Littleborough’s History

LITTLEBOROUGH

Sergeant Jack Robertson

Jack was born in 11th July 1924, the son Maurice (John) Robertson and Florence Maud Smart Millward. At the time of the 1939 register the family is living at 42 Little Clegg Road, Smithy Bridge with his father being a widower. Besides the father there were four children living in the house, Jack (Cotton Doffer), Violet (Cotton Gaiter) as well as Eric and Karl at school. Daughter Lilian who would have been 10 was not recorded. Violet has their mothers’ maiden name - Horsefield (family name of Partridge). Also living same address was Lavina Horsefield, shown as married. Jack attended Smithy Bridge Council Primary school and prior to joining the RAF in 1941 worked at The Globe  Leather works of Messrs J Ormerod of Castleton and lived with his sister Mrs N Taylor at 31 Firgrove Gardens. 21 year old Sergeant Robertson, 1450835, 12 Squadron,  Royal Air Force Volunteer Reserve was killed on 14th January 1945 when Lancaster III LM714 PH-L (which took off from a station (airfield) in or near Wickenby) was shot down by a German Fighter near Steindorf during a raid on the synthetic oil plant at Leuna 4 crew killed, 3 PoW. Jack was buried in Hanover War Cemetery, Coll. grave 1 F 13-16 and is remembered on Littleborough Cenotaph.


Private Leonard Brennan

Leonard was born on 22nd November 1914, the son of James and Lucy M Brennan  and elder brother to Cyril. In 1939 the family lived at 9 Stopford Avenue, Littleborough with Leonard being a Goods Motor Driver, his father was a Cotton Over-looker and Cyril was involved in the distribution of bread. Prior to enlisting Leonard was employed by J P & W H Fletcher, Haulage Contractors. 30 year old Private Brennan 14662750, 2nd Bn Royal Berkshire Regiment was killed on 15th January 1945 at Myothit, Burma. Leonard was buried in Maynamati War Cemetery, Bangladesh, grave 4 A 1 and is remembered on Littleborough Cenotaph. The Rochdale Observer of 3rd February included sentiments from his parents in Littleborough and his brother Cyril who was serving with the RAF in England as well as from his Auntie Mary and family.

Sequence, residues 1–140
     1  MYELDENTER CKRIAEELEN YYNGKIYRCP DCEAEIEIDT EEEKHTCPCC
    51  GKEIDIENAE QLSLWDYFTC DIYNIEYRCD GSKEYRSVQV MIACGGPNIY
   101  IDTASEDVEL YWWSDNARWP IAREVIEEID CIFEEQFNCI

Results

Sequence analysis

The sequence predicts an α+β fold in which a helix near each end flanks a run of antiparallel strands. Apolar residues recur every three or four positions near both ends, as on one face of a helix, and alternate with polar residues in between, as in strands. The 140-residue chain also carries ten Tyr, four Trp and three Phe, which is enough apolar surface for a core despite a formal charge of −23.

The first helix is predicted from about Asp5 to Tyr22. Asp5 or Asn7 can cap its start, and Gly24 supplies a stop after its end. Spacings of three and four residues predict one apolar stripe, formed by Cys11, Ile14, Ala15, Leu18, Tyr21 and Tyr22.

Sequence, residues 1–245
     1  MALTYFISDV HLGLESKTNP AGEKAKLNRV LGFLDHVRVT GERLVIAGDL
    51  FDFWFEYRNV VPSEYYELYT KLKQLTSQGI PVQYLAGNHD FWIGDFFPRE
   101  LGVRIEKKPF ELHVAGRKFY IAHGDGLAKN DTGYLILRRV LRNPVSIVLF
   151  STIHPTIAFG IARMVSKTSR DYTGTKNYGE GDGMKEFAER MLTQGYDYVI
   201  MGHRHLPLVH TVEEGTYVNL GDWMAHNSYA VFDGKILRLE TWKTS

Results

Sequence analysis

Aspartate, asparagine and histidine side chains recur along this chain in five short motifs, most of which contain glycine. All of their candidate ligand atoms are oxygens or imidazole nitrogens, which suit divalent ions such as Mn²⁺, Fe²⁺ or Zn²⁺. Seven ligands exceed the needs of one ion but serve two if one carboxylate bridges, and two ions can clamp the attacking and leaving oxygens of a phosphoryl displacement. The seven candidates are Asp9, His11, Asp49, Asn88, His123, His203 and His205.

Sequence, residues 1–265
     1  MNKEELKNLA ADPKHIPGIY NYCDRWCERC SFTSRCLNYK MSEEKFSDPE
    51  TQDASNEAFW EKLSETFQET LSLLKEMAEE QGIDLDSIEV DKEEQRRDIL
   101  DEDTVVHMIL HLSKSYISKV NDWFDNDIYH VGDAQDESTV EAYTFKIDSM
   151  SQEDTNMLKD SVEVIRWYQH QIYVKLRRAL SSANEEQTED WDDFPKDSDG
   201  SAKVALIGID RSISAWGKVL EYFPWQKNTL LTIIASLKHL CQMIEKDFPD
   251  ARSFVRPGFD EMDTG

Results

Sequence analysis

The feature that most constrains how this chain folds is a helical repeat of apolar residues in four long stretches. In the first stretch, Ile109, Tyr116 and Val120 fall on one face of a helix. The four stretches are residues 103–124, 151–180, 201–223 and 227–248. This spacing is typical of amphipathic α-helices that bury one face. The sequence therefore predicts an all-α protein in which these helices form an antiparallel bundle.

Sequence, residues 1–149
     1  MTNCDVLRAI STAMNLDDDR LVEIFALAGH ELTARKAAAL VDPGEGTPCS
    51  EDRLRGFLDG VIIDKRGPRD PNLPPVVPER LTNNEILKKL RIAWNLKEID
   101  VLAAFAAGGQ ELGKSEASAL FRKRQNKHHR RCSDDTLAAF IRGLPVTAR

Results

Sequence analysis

OUR FALLEN HEROES OF THE SECOND WORLD WAR

Whose 75  years Anniversary occurs in January 2020



LITTLEBOROUGH

Private Wilfred Mullender

Wilfred was born in 6th January 1910 in Toxteth Park, the son of Charles Mullender, and of Mary A. Mullender who in 1911 lived at 8 Bowood St, Toxteth Park, Liverpool. Also living there were his elder siblings Elizabeth (14), Edith (13) and Stanley (5). His father was a Marine Engineer. At the time of the 1939 Census, Wilfred was a Hide Grader living at 12 Huntley St, Littleborough, with his widowed Mother and Ethel Butterworth (Mullender). Prior to joining the army Wilfred was associated with the Congregational Church in Victoria Street, Littleborough, a Sunday School Teacher  and a member of Rochdale Festival Choir. In 1940 the Rochdale Observer reported him being the soloist at a successful Anniversary service at Zion Methodist Chapel in Calderbrook. Wilfred worked for the Lancashire Tanning Co in Littleborough (set up by a German Company, Adler and Oppeneiner who had been looking to establish a British subsidiary. It is reported that this was to provide safe haven for around 25 Jewish families. The boss of the company lived at Stubley Old Hall which was included in the purchase of the disused Atlas Mill – see https://www.littleboroughshistory.org/industry.html for more information and photograph. 33 year old Private Mullender 3783246, 7th Bn Hampshire Regiment was killed on 22nd January 1945 near the village of Waldenrath Netherlands and is buried in Brunssum War Cemetery, Netherlands, grave VI 295 and is remembered on Littleborough Cenotaph  and the Victoria St Congregational Church War Memorial pictured below.